Cleveland Basketball’s Wasteland of Bittersweet Stories and Broken Salaries

The unsung tragedy of LeBron James’ westward move leaves his hometown team in the darkest of depths.

On November 2, 2016, the Cleveland Indians lost Game 7 of the World Series, throwing away a 3-1 series lead against the Chicago Cubs.

On December 31, 2017, the Cleveland Browns lost to the Pittsburgh Steelers to cement them in NFL history as just the second team to drop 16 games in the regular season.

On July 1, 2018, the Cleveland Cavaliers lost hometown wunderkind LeBron James after he signed a lucrative four-year, $153.3 million contract with the Los Angeles Lakers.

James delivered the city of Cleveland its first professional sports championship since 1964—the year in which the Cleveland Browns defeated the Baltimore Colts in the NFL Championship Game, two years prior to the creation of the Super Bowl—after, relatively ironically, overcoming a 3-1 NBA Finals deficit versus the Golden State Warriors.

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James’ second stint with the Cavaliers ended late Sunday evening, and Cleveland’s basketball future looks as bleak as their sports past.

The Cavaliers roughly owe a combined $194.13 million to a laundry list of sub-tier one players through the 2019-20 season: Kevin Love, George Hill, Tristan Thompson, J.R. Smith, Jordan Clarkson, and Kyle Korver.

The soft salary cap for the 2018-19 season was set on June 30, 2018 for the upcoming season by the league office at $101.869 million.

James’ big arrival in LA has already brought up plenty of speculation, but the lack of monetary wiggle room for the Cavaliers almost certainly will leave them either in NBA purgatory—not good enough to contend, not bad enough to get a top pick in the draft—or in the basement of the league for at least the next two seasons.

Love’s blossoming time in Minnesota before being shipped to Cleveland after James’ re-arrival in 2015 leave some disappointed in his tenure with the Cavaliers thus far, but Love’s statistical stagnation could be contributed to James’ style of play, not allowing Love to create with the ball and in pick-and-roll/pop scenarios, though justifiably so.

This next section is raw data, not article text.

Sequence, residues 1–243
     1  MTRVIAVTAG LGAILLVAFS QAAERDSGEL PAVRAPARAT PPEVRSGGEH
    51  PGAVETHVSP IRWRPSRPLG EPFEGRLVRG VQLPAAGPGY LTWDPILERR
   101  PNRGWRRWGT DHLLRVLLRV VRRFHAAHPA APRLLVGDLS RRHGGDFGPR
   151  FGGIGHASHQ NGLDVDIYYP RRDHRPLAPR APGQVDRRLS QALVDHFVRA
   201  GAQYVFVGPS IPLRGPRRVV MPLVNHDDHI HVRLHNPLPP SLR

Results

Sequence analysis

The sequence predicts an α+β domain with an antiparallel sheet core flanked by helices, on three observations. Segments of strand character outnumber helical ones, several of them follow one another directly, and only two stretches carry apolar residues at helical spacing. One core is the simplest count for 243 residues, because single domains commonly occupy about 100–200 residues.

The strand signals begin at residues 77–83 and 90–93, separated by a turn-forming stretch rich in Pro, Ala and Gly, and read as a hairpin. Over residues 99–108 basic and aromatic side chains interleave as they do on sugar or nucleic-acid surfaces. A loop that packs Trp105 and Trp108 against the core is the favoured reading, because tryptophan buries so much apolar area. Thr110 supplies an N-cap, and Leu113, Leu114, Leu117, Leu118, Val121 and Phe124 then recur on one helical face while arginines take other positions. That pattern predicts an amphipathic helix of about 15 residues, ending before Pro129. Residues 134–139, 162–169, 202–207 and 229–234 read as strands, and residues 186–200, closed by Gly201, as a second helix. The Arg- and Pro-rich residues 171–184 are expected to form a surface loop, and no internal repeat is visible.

Love still received All-Star selections after averaging 18.3 points and 10.2 rebounds in the past two of his three years in Cleveland combined, and while his production fell short of his late days with the Timberwolves—when he averaged 26.1 points and 12.5 rebounds his final year in Minnesota—the Cavaliers certainly boast some talent in a depleted Eastern Conference.

While nobody can top LeBron James’ impact, though, the Cleveland Cavaliers seem less than eager to start another rebuilding project.

Sources close to the organization assert that the Cavaliers have no intention of moving Love, and it’s not unreasonable for the organization to assume they retain a solid chance for the postseason as much of the NBA’s top talent now competes in the west.

The roster, though, simply falls short of the emerging eastern powerhouses in Boston and Philadelphia, and it also bodes poorly for the future, with all of the team’s big money being locked up in players 26-years-old or older.

It’s hard to blame the Cavaliers for wanting to put themselves back into rebuilding mode considering the team and city’s past with professional sports failure.

The Cavaliers’ all-time record of 1829-2059 ranks them 22nd in win percentage among all 30 modern NBA teams. The team qualified for the postseason in just 13 of its 33 seasons before acquiring James in the NBA Draft, making it beyond the first round just three times in that span.

Today’s Cavaliers have two options for the future: putter through the next two seasons, probably treading around .500-level basketball and start anew after their payroll empties for the 2020-21 season, or dump salaries coupled with pivotal future draft picks to gain some leeway in the meantime.

Either way, it’s a far walk from downing the reigning NBA champions with the help of a man hellbent on finishing a job he started after being drafted number one overall in 2003.

By: Oscar Rzodkiewicz, @ORzodkiewicz on Twitter


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